DAUPHIN ISLAND, Ala. (AP) -- Search teams recovered the bodies of two boaters missing since a disastrous sailboat race Thursday as an investigation began into circumstances surrounding the competition, including whether it should have been canceled because of the threat of bad weather.
The discovery of the bodies of Adam Clark, 17, of Mobile and Robert Thomas, 50, of Pickens, Mississippi, left one person still unaccounted for and five confirmed dead since a powerful squall disrupted the Dauphin Island Regatta on Saturday.
Around 100 boats carrying about 470 people were on Mobile Bay for the race when the squall occurred even though forecasters had issued alerts about the possibility of severe weather along the coast.
Coast Guard Capt. Duke Walker said the probe could include a review of whether the race should have been canceled.
"That's for the investigation team to consider perhaps," said Walker, commander of the agency's Mobile sector.
Leaders at the Fairhope Yacht Club, which organized the race this year, did not immediately reply to a message seeking comment on the investigation.
The probe, which Walker said could take as long as six months, began as crews scaled back the hunt for survivors. Searchers have covered 9,500 square miles of water and combed 164 miles of shoreline looking for survivors, he said.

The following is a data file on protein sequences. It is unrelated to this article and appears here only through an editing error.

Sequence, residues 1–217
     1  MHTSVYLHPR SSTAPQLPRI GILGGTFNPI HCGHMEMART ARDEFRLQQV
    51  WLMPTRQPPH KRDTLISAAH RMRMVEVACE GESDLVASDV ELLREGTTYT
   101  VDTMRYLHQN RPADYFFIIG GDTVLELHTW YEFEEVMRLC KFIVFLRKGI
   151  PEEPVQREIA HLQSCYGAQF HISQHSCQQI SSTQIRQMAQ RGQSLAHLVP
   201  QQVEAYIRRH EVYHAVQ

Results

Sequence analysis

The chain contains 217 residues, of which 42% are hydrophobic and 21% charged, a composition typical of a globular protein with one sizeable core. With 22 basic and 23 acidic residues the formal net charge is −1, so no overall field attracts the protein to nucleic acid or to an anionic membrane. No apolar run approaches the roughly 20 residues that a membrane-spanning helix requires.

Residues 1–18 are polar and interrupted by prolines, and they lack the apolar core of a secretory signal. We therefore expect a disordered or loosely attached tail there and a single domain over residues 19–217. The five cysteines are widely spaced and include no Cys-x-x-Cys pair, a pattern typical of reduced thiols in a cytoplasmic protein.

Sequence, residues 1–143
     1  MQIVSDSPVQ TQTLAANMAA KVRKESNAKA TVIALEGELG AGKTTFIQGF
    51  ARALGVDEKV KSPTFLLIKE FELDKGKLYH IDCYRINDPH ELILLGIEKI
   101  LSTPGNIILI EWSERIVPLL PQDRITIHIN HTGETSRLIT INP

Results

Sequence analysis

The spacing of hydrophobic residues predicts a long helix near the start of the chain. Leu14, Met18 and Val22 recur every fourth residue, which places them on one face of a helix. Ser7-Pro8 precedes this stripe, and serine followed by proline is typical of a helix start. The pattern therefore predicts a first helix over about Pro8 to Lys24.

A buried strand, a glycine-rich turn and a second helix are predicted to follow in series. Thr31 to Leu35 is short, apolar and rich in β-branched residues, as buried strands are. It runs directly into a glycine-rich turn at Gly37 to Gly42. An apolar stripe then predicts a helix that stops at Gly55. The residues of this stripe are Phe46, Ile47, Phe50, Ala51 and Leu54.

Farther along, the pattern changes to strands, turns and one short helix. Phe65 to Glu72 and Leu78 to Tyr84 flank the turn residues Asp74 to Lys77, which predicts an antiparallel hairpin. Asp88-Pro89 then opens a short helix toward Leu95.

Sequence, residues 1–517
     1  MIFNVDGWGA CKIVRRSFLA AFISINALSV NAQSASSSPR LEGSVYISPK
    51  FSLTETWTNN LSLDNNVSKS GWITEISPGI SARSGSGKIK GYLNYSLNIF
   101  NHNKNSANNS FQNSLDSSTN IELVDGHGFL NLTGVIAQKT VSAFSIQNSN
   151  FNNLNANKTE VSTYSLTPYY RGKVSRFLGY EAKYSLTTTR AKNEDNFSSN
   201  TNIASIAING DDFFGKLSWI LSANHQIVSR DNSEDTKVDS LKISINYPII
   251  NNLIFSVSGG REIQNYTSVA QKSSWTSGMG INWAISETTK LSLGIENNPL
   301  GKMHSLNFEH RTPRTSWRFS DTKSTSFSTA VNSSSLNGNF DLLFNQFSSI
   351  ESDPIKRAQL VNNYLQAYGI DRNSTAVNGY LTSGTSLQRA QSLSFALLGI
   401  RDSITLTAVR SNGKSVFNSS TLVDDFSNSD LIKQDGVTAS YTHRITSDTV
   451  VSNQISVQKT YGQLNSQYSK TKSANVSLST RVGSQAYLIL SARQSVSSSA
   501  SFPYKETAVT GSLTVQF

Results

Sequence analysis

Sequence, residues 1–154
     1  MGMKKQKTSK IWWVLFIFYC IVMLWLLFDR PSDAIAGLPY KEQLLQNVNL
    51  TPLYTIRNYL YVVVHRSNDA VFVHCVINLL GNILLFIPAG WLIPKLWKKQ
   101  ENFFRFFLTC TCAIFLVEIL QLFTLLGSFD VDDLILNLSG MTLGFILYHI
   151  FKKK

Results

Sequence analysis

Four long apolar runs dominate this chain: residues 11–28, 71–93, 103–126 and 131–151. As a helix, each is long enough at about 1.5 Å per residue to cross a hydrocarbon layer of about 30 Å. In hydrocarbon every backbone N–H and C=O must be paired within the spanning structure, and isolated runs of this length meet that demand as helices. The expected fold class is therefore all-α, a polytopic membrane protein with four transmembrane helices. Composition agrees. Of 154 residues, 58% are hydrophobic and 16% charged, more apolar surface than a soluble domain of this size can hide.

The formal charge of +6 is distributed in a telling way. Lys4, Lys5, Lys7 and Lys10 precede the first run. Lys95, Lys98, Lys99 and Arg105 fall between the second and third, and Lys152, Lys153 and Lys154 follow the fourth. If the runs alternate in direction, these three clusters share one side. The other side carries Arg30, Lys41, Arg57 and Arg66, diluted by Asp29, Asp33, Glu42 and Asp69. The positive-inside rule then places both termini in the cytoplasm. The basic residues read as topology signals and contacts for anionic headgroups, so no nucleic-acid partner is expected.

The Coast Guard, using a state law enforcement website, posted an online questionnaire for the hundreds of people who participated in the race. It included a question about whether they heard alerts concerning deteriorating weather conditions before the storm occurred.
"The Coast Guard and the Alabama Law Enforcement Agency are conducting a joint investigation into the circumstances surrounding the events in Mobile Bay on Saturday during the Dauphin Island Regatta," said the notice.
The survey was voluntarily, but officials said they needed responses to help determine what happened. Other questions included whether boaters saw anyone go overboard or aided with any rescues.
Sailors said in interviews that while they expected rain, a storm with near hurricane-force winds struck instead. While the race began late because of miscommunication and a false start, many boats already had finished the competition and were returning to port when the storm arrived.
The timeline of weather alerts could play a role in the investigation.
Weather Service meteorologist John Purdy previously said a storm moved quickly eastward through Louisiana and Mississippi, prompting a severe thunderstorm watch at 1:36 p.m. Saturday and a warning less than an hour later.
The National Weather Service then issued a special marine warning around 3 p.m. for boaters on several waterways including Mobile Bay, warning of a line of thunderstorms producing gusty winds, high waves, dangerous lightning and heavy rains.
The notice urged boaters to "seek safe harbor immediately," but many boats were still on the water when a squall arrived about an hour later with winds in excess of 70 mph.